The new Patriot movement groups since 2008 are:

The Three Percenters, cofounded by militia veteran Mike Vanderboegh in late 2008, was developed as a more decentralized version of the militias, in order to avoid government infiltration. Anyone can declare themselves a Three Percenter, although there are also regional and national groups. The name refers to the disputed number of American colonists who took up arms during in the Revolutionary War.

Three percent flag
The Three Percenter flag was among those flown at the start of the Malheur National Wildlife Refuge occupation.

The Oath Keepers was founded in 2009 by Stewart Rhodes, an aide to former Texas Congressman Ron Paul, and is the most mainstream of the Patriot movement groups. It is a traditionally organized membership-based group of current and former law enforcement, military, and first responders. They pledge to disobey orders they see as unconstitutional. They embrace staple 1950s and 1960s anticommunist conspiracy theories, claiming that the federal government is preparing to seize privately held firearms, impose martial law on the states, and put Americans in “concentration camps” before allowing foreign armies to invade.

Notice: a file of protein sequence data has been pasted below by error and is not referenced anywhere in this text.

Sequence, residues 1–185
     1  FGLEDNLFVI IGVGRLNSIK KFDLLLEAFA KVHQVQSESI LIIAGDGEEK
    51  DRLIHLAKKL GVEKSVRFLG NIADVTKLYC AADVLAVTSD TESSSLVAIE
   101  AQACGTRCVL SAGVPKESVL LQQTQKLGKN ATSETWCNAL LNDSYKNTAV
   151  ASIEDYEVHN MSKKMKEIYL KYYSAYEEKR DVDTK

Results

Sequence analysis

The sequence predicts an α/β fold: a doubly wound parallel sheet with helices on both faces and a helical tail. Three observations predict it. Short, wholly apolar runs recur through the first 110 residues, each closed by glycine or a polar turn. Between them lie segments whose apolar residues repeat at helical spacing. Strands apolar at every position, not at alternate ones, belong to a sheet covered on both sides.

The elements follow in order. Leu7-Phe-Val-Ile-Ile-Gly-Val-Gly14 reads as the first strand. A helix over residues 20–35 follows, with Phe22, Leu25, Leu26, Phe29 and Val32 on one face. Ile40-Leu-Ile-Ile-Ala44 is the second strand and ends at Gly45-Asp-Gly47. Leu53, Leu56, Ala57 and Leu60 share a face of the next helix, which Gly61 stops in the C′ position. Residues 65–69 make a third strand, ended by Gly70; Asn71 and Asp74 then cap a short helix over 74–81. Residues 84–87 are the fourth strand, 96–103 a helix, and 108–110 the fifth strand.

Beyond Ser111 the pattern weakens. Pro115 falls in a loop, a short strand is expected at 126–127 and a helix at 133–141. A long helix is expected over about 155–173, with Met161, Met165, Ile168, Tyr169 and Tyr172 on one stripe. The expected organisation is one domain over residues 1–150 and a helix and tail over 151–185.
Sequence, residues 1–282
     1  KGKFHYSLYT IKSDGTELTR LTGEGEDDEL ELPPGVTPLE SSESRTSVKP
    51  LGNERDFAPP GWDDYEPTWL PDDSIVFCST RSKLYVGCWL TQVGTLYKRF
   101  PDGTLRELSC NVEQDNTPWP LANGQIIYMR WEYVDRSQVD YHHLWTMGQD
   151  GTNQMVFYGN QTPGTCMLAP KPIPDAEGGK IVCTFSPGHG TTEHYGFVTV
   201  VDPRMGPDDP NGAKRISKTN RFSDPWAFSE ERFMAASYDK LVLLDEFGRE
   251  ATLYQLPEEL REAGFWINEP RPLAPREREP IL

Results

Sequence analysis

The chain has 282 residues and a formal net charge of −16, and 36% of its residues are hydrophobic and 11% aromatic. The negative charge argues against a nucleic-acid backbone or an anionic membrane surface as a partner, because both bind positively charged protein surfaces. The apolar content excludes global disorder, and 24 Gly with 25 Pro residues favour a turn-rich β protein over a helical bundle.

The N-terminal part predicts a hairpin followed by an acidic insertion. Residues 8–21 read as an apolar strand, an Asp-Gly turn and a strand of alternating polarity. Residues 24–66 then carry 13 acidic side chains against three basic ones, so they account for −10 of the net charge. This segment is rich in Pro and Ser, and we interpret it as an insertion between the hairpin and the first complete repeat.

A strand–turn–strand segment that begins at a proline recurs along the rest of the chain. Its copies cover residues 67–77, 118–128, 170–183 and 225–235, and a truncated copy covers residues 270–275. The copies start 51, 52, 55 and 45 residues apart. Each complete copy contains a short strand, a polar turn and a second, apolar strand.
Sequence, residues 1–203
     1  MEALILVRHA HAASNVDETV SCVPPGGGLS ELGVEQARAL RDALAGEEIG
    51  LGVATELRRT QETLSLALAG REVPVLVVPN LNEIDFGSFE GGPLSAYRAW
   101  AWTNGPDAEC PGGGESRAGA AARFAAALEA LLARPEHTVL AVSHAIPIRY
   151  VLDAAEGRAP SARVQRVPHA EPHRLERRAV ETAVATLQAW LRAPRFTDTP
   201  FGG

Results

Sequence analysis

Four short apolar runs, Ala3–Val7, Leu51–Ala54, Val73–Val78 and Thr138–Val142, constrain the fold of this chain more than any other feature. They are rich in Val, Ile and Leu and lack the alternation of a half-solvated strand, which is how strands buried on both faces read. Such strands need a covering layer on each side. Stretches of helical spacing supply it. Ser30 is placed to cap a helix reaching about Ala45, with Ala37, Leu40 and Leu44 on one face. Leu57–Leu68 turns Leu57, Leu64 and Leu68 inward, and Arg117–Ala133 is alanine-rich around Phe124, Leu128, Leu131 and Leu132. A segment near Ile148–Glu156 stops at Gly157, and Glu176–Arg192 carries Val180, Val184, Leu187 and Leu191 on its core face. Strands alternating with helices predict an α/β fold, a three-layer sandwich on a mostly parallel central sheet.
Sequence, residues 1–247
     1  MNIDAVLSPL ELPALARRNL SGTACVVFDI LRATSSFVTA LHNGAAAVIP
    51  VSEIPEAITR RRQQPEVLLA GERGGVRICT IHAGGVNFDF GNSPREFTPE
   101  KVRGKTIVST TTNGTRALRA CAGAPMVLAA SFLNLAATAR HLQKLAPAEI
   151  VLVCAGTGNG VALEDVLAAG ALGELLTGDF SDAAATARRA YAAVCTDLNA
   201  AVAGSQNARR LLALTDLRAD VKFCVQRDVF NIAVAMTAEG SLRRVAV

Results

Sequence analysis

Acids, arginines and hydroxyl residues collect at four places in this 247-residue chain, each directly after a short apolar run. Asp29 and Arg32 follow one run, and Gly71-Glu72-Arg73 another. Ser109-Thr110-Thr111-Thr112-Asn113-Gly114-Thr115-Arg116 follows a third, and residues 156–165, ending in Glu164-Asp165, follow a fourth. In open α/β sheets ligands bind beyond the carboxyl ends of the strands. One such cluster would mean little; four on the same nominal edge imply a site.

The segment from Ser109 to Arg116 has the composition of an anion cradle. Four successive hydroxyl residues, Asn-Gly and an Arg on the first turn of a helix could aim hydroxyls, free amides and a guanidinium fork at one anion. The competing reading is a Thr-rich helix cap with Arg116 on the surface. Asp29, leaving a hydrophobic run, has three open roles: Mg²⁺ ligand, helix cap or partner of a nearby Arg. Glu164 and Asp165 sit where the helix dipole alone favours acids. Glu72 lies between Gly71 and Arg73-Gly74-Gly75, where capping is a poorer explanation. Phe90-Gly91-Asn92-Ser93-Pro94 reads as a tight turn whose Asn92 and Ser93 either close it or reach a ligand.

The Constitutional Sheriffs and Peace Officers Association (CSPOA) was founded in 2010, and is led by former Arizona county sheriff Richard Mack, who is also on the board of the Oath Keepers. CSPOA is affiliated with the Oath Keepers. CSPOA says, “Sheriffs and Officers who follow the Constitution line by line possess the power to shield against the Federal assault on American Citizens rights.” Mack believes that county sheriffs have the power to decide which laws are constitutional, and therefore should be enforced. CSPOA says, “Very few people realize that the Sheriff has the legitimate authority to prevent federal agents from entering the county—or the power to throw them out once they are there.” It looks like its members see themselves as a force inside the U.S. government trying to pull down the current system from within. In Oregon, Grant County Sheriff Glenn Palmer is a former leader in the organization; during the armed occupation of the Malheur National Wildlife Refuge, he met with some occupiers.

The influence of Sovereign Citizens also took off again after 2008; they follow the made-up legal theories of Posse Comitatus. They believe they are exempt from most laws, regulations, and taxes. They have been known to file false liens against judges and others who they have been in conflict with; some Sovereign Citizens declare themselves “judges” and/or establish “citizen’s grand juries” or “common law grand juries,” where they hold kangaroo trials against government employees or others they disagree with. A guilty conviction can be a green light for kidnapping or assassination. Now even some former county sheriffs are declaring themselves to be Sovereign Citizen-style “marshals.” Similar to these are the Committees of Safety, which are Patriot movement groups which mimic a local government structure, and lay claim to any number of powers.